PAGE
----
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Dravid wants to see a more hardline stance taken on match-fixing
Former India batting great Rahul Dravid has announced that the only way to clean up the image of the sport is to make match-fixing a criminal offence so that players are deterred from getting involved in the illegal trade.
Dravid also noted that players must be educated about the dangers of match-fixing from a younger age.
“My personal belief is that education and counselling at a junior level is really important,” Dravid said in an exclusive interview with ESPNcricinfo. “I think we’ve got to start early, we’ve got to start young but … that part of it is already being done. I know that India has its own ACSU and even for Ranji Trophy teams this education is given.”
Dravid added that stricter laws and harsher punishments must be imposed on anyone caught match-fixing in the future.
“I don’t think only education can work, policing it and having the right laws and ensuring that people when they indulge in this kind of activities are actually punished,” he said. “People must see that there are consequences to your actions. That will create fear for people.”
The 40-year-old upheld cycling as an example where many of the top performers have confessed to using performance-enhancing drugs and noted that this was the reason why awareness programs are not enough to educate players.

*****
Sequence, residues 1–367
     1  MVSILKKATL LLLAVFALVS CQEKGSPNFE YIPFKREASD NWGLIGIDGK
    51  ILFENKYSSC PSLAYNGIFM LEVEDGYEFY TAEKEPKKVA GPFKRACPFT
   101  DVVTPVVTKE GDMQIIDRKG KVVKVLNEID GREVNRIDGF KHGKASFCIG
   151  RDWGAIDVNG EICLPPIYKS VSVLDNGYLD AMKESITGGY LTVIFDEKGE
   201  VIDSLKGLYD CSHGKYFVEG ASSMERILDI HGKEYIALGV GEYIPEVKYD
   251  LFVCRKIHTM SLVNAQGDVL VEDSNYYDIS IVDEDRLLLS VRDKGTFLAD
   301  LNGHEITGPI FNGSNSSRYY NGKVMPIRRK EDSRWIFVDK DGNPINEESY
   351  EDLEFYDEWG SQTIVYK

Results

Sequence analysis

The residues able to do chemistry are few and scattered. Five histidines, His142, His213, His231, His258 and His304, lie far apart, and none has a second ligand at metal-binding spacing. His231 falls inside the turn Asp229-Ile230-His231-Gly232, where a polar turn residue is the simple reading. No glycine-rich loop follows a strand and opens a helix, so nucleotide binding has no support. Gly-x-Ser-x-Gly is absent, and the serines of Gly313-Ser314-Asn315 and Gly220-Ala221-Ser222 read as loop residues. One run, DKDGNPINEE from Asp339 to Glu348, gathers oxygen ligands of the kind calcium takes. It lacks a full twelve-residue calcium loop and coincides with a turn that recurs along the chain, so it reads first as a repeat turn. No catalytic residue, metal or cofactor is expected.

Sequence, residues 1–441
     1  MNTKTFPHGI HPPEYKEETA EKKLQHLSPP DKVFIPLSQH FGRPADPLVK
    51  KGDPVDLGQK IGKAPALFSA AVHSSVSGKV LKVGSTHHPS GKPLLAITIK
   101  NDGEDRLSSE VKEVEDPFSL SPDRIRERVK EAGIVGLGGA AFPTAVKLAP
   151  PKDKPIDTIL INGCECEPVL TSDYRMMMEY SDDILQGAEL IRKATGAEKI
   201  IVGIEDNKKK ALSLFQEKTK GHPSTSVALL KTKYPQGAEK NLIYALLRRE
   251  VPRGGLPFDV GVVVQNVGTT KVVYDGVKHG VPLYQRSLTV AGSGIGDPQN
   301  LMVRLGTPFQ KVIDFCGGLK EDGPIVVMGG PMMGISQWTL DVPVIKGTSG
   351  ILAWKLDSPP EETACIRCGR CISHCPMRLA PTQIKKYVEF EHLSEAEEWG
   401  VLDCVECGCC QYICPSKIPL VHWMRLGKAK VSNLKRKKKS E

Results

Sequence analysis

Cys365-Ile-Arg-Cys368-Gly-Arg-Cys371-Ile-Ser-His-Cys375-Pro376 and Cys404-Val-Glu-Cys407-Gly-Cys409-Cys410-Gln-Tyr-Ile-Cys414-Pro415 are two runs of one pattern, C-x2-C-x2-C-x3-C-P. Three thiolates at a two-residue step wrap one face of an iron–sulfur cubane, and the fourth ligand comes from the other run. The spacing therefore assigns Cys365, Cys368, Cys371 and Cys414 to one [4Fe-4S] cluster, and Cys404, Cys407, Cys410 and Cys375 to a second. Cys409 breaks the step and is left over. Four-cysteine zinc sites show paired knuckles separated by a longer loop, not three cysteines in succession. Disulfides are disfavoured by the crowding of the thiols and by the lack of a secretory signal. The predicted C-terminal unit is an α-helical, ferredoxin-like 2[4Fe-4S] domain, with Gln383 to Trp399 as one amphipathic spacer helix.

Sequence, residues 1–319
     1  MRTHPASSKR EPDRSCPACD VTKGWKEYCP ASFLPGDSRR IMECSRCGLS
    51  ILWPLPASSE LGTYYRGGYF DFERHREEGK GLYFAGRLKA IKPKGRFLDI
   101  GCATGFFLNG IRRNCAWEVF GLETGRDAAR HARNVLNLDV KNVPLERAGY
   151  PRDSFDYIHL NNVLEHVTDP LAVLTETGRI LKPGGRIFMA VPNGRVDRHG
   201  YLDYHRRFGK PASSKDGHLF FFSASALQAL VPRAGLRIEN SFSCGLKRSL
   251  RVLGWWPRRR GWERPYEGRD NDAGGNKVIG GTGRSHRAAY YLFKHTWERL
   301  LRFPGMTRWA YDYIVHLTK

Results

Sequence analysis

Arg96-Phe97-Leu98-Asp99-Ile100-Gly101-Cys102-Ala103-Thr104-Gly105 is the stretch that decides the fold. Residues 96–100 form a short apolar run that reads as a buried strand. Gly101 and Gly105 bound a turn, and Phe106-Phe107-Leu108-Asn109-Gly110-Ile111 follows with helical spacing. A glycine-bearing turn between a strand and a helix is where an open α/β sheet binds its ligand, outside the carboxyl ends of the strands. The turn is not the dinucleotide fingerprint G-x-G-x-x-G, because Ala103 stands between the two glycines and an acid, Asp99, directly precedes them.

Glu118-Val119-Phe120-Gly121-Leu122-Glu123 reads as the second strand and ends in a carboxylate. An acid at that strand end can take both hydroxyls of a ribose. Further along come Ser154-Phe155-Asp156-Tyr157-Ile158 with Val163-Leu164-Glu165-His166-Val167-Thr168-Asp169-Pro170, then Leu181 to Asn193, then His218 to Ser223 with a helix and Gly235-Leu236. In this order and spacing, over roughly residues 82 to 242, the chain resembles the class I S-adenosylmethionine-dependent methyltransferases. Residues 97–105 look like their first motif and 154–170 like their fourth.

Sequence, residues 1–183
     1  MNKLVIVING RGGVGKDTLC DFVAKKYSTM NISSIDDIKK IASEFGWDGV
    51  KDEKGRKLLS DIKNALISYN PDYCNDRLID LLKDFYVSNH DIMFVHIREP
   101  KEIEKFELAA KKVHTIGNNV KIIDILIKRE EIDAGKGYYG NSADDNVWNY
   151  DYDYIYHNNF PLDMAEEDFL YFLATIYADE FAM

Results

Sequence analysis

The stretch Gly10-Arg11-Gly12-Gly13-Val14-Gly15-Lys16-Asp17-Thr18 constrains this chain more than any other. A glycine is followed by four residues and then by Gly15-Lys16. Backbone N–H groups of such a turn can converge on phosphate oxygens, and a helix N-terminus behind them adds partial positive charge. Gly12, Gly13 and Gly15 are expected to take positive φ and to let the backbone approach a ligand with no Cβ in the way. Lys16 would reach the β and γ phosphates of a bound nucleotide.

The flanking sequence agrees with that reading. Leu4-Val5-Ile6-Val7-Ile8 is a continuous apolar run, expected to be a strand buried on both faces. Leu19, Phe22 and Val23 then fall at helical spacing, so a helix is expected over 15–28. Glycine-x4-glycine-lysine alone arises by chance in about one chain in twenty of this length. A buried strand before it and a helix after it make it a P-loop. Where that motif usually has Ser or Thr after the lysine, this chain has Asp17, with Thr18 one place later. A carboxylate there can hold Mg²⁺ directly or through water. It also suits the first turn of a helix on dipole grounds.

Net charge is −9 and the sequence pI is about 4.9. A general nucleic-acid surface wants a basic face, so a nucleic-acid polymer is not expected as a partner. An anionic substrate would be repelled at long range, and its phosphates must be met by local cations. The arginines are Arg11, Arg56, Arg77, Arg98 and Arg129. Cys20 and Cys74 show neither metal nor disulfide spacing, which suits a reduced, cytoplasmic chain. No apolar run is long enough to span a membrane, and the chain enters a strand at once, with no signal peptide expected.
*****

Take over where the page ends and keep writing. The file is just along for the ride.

“Everyone knows it’s wrong, and it’s frightening, having read a little bit about it and the number of cyclists who were doing it,” he said. “Surely all know it’s wrong.
“So the only people those cyclists were scared of was not the testers, not the authority, they were scared of the police. You read all the articles, the only guys they were scared of was the police and going to jail. So the only way that people are going to get that fear is if they know the consequences to these actions and the law that will come into play. It’s got to be a criminal offence.”
When asked about whether he thinks his three Rajasthan Royals team-mates – Sreesanth, Ankeet Chavan and Ajit Chandila – are guilty of match-fixing, Dravid said: “The case is still on and I don’t want to make any judgement on whether people are guilty or not and I think everyone has a right to be innocent until he’s proven guilty and I’m glad the police is going ahead and doing what needs to be done and taking it to its logical conclusion.”